BOSTON (AP) — It’s “highly likely” that a police officer who was critically injured in a dramatic gunbattle with the Boston Marathon bombers was struck by friendly fire, a district attorney said Tuesday.
Middlesex District Attorney Marian Ryan, whose office has been investigating the gunfight between officers and Tamerlan and Dzhokhar Tsarnaev, said whatever wounded Massachusetts Bay Transportation Authority Officer Richard Donohue is still embedded in his leg, leaving investigators unable to confirm which gun fired the bullet.
“We don’t know what struck Officer Donohue because it has not been removed,” she said at a news conference. “It is likely that it came from the gun of one of the officers attempting to stop Dzhokhar Tsarnaev, yes.”
But Ryan said the shooting was justified because it was in “self-defense” of officers and people living in the dense residential neighborhoods where the gunfight took place.
The bullet that struck Donohue severed a major artery, and he lost most of his blood. He also suffered nerve damage. He returned to work last month.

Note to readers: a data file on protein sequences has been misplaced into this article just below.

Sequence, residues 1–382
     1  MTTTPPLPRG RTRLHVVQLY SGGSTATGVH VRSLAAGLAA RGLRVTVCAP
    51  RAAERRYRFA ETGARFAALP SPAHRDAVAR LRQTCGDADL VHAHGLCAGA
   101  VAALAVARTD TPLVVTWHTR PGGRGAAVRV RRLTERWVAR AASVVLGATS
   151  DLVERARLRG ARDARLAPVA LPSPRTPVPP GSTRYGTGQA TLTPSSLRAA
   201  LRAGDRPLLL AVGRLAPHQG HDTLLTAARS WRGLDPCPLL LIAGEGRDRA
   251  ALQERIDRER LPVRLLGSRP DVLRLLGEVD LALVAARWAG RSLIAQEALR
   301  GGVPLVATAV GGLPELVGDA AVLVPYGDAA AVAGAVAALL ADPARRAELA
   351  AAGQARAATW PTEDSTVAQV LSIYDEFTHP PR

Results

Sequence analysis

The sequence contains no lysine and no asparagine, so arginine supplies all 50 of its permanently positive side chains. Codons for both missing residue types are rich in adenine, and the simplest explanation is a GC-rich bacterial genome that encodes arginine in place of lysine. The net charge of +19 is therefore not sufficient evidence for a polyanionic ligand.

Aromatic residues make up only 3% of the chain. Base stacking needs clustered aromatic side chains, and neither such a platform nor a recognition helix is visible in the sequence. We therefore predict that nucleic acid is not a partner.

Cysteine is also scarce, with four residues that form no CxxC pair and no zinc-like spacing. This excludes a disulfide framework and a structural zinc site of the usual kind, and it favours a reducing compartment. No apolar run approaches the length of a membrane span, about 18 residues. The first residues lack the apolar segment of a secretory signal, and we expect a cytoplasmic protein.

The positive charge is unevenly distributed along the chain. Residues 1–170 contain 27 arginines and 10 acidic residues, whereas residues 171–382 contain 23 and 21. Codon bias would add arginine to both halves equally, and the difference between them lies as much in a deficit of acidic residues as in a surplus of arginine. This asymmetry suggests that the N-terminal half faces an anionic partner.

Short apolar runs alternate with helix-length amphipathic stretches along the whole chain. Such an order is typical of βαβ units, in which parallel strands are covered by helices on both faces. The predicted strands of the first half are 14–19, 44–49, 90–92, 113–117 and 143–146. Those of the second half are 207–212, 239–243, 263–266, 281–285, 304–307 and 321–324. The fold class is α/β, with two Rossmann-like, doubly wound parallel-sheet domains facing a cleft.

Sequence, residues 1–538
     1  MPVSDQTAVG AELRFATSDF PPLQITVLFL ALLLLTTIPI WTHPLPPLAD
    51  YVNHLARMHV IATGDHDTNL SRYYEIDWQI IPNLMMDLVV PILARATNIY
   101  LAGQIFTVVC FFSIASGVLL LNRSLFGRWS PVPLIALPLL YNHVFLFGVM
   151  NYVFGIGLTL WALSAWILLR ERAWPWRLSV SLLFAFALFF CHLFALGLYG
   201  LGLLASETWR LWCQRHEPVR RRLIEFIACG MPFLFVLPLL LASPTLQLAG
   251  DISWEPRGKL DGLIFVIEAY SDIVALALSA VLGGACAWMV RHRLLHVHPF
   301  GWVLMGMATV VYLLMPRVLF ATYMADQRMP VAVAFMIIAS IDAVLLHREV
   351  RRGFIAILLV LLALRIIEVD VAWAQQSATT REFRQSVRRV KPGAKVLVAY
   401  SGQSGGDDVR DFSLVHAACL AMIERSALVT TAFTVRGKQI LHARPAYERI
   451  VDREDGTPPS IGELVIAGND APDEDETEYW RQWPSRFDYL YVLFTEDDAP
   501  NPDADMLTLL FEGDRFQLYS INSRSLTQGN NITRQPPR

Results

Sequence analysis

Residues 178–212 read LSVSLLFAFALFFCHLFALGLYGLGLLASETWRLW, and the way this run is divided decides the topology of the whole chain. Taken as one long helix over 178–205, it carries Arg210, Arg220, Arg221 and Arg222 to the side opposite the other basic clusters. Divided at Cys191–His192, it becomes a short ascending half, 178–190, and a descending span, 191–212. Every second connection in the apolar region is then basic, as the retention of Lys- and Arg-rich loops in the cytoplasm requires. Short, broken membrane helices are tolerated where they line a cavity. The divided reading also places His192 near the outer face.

Ryan’s report follows one conducted by the Massachusetts Emergency Management Agency.
That report found that some officers involved in the shooting showed a lack of “weapons discipline,” resulting in dangerous crossfire. But it stopped short of saying Donohue was shot by fellow officers.
The gunfight took place April 19, 2013, in the Boston suburb of Watertown, four days after bombs exploded at the marathon finish line. The attack killed three people and injured over 260 others.
One of the bombers, Tamerlan Tsarnaev, was killed amid the gunbattle. His younger brother, Dzhokhar, was eventually captured. He was sentenced last month to death.
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